Coughing may seem like a symptom you want to relieve, but, in the case of COPD, it actually serves a function.
Read on to learn more about how COPD and coughing are related, what you can do to ease a cough, and when to seek medical attention.
- shortness of breath, especially with activity
- wheezing, or producing a gasping, whistling sound when you try to breathe
- feeling tight or constricted in your chest area
- coughing that produces moderate to large amounts of mucus or sputum
People tend to find coughing the most disruptive of these symptoms.
Coughing can interfere with social events, such as going to the movies, and it can prevent you from falling asleep at night.
As annoying as this coughing may be, it actually serves a useful function. Deep coughing clears the mucus that clogs your airways, allowing you to breathe more easily.
Some doctors teach their patients how to cough and encourage them to do so often.
Other experts even go a step further and advise against doing anything to stop the coughing, as a clear airway means easier breathing in the long run.
If you’ve had COPD for a while, you probably know how much you usually cough.
If you find yourself coughing more than usual, or coughing up sputum that looks different than it normally does, it may be time to go to the doctor to make sure you’re not having a flare-up or an exacerbation.
You may also be coughing more because you’ve developed a comorbidity, which means another illness exists alongside your COPD.
When you lie down, GERD can push stomach acid into your throat and mouth and cause you to cough.
If your increased coughing is due to a comorbidity, you can use antibiotics or medications to return to your regular level of coughing.
Don’t make any assumptions, though — speak to your doctor, who’ll make a diagnosis and prescribe you the right medication.
A deep, productive cough that clears the airways of mucus may replace this dry cough.
Drugs for coughing
Short- or long-acting inhaled beta-agonists such as albuterol or salmeterol (Serevent Diskus) will sometimes help decrease coughing.
Beta-agonists are a type of bronchodilator that helps open your airways and get more oxygen into your lungs.
Long-acting bronchodilators are sometimes used in combination with an inhaled corticosteroid. Advair and Symbicort are examples of combination medications.
Although a few small studies showed a significant reduction in coughing, other studies were unable to reproduce that result. Long-term use of codeine can be addictive.
Using cough syrup and codeine to manage coughing is a decision that needs to be made by you and your doctor.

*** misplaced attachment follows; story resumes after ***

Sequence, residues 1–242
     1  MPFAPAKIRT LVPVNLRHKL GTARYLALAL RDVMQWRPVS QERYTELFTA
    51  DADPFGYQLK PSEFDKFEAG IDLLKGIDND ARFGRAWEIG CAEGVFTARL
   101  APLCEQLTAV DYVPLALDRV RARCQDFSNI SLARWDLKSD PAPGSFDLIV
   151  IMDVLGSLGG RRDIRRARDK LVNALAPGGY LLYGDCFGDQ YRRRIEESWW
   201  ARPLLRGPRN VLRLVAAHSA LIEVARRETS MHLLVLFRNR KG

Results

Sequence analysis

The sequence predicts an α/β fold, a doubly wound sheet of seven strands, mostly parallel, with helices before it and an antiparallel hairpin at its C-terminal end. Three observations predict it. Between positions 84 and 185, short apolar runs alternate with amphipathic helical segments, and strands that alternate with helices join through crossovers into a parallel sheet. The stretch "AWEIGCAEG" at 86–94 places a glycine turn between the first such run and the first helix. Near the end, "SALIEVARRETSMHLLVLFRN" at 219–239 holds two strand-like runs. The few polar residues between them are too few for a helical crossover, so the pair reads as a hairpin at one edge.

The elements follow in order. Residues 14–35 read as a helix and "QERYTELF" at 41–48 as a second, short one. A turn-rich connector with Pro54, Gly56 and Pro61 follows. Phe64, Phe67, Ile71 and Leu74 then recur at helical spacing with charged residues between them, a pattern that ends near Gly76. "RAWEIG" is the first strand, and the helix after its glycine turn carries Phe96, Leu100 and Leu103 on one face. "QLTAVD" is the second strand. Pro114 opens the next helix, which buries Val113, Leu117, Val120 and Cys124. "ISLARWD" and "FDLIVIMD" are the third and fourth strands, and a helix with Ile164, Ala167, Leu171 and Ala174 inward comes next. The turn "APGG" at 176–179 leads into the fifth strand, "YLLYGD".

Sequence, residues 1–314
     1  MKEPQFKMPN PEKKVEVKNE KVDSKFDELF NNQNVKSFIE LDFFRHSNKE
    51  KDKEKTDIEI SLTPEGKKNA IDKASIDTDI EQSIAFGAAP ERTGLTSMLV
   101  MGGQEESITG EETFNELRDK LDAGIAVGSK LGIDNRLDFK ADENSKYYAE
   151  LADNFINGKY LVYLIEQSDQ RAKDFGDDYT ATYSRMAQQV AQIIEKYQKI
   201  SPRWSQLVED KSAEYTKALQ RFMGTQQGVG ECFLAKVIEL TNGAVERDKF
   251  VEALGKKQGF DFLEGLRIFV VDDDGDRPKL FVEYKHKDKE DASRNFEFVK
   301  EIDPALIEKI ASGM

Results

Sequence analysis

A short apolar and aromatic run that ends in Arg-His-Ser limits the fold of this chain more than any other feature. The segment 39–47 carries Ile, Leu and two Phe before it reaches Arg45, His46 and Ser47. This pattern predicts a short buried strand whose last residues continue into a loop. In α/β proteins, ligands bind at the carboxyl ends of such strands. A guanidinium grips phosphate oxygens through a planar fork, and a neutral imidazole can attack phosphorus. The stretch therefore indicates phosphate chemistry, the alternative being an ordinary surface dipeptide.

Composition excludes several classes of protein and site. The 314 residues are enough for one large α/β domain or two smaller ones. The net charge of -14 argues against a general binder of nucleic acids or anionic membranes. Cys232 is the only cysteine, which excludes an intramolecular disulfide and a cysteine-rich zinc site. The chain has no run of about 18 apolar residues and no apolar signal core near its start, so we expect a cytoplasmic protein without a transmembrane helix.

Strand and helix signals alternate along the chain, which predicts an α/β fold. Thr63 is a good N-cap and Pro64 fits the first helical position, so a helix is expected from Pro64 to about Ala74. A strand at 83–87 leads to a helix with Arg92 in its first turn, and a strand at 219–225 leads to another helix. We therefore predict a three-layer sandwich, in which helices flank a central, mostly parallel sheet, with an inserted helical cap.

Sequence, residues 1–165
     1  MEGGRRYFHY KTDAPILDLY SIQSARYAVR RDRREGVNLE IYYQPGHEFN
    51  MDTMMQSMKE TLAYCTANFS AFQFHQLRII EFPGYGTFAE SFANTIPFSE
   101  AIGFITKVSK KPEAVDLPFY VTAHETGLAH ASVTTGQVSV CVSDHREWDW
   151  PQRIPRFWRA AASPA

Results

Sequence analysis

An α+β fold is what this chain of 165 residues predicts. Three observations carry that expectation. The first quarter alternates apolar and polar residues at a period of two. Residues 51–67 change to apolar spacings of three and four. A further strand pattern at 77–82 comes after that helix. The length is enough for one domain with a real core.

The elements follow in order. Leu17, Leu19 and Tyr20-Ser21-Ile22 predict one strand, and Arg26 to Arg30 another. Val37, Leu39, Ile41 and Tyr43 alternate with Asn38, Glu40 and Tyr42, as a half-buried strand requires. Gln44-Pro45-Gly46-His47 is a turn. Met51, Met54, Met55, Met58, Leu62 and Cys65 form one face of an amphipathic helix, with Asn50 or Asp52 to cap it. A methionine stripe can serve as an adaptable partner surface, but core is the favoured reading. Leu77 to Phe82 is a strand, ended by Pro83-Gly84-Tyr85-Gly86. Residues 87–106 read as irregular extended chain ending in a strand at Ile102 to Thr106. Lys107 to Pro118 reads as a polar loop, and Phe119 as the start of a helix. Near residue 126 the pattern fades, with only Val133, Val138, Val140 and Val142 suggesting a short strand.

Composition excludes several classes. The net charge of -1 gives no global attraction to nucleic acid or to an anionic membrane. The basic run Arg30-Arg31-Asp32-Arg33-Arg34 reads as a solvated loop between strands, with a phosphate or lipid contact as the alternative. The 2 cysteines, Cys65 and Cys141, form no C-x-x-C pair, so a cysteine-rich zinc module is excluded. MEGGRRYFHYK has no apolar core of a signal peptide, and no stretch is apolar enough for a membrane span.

Other COPD drugs
There are other medications that are important for COPD management but don’t affect the cough. These include:
- corticosteroids, such as prednisone
- long-acting anticholinergics, such as tiotropium (Spiriva), which can actually make the cough reflex more sensitive
Both prednisone and tiotropium
COPD includes both chronic bronchitis and emphysema.
Chronic bronchitis classically results in coughing and excess mucus production. Emphysema classically results in shortness of breath due to progressive destruction of alveoli, or air sacs, in the lungs.
Shortness of breath rather than a cough is the most prominent symptom of emphysema. However, most patients with emphysema also have chronic bronchitis and therefore cough.
Although coughing is a primary symptom of COPD, surprisingly little research has been done on controlling it or even on whether or not it should be controlled.
If coughing interferes with your quality of life, talk to your doctor to find treatment options.
What coughing technique can help bring up mucus in chronic cough?
A: Here’s a coughing technique, called huff cough, to bring up mucus that won’t wear you out. This can be helpful in those with an ongoing cough due to COPD or other chronic lung conditions. It’s helpful to work with your doctor or respiratory therapist when learning this technique.
- Sit up straight in a chair with your head up.
- Breathe in using your abdomen and hold for 2 or 3 seconds.
- With the back of your throat open, let out your air in a burst, making a “ha” sound.
- Do 2 to 3 huff breaths, then rest for 5 to 10 breaths.
- Repeat this in cycles.
The larger the breath, the more effective it is for smaller airways.
— Judith Marcin, MD
Answers represent the opinions of our medical experts. All content is strictly informational and should not be considered medical advice.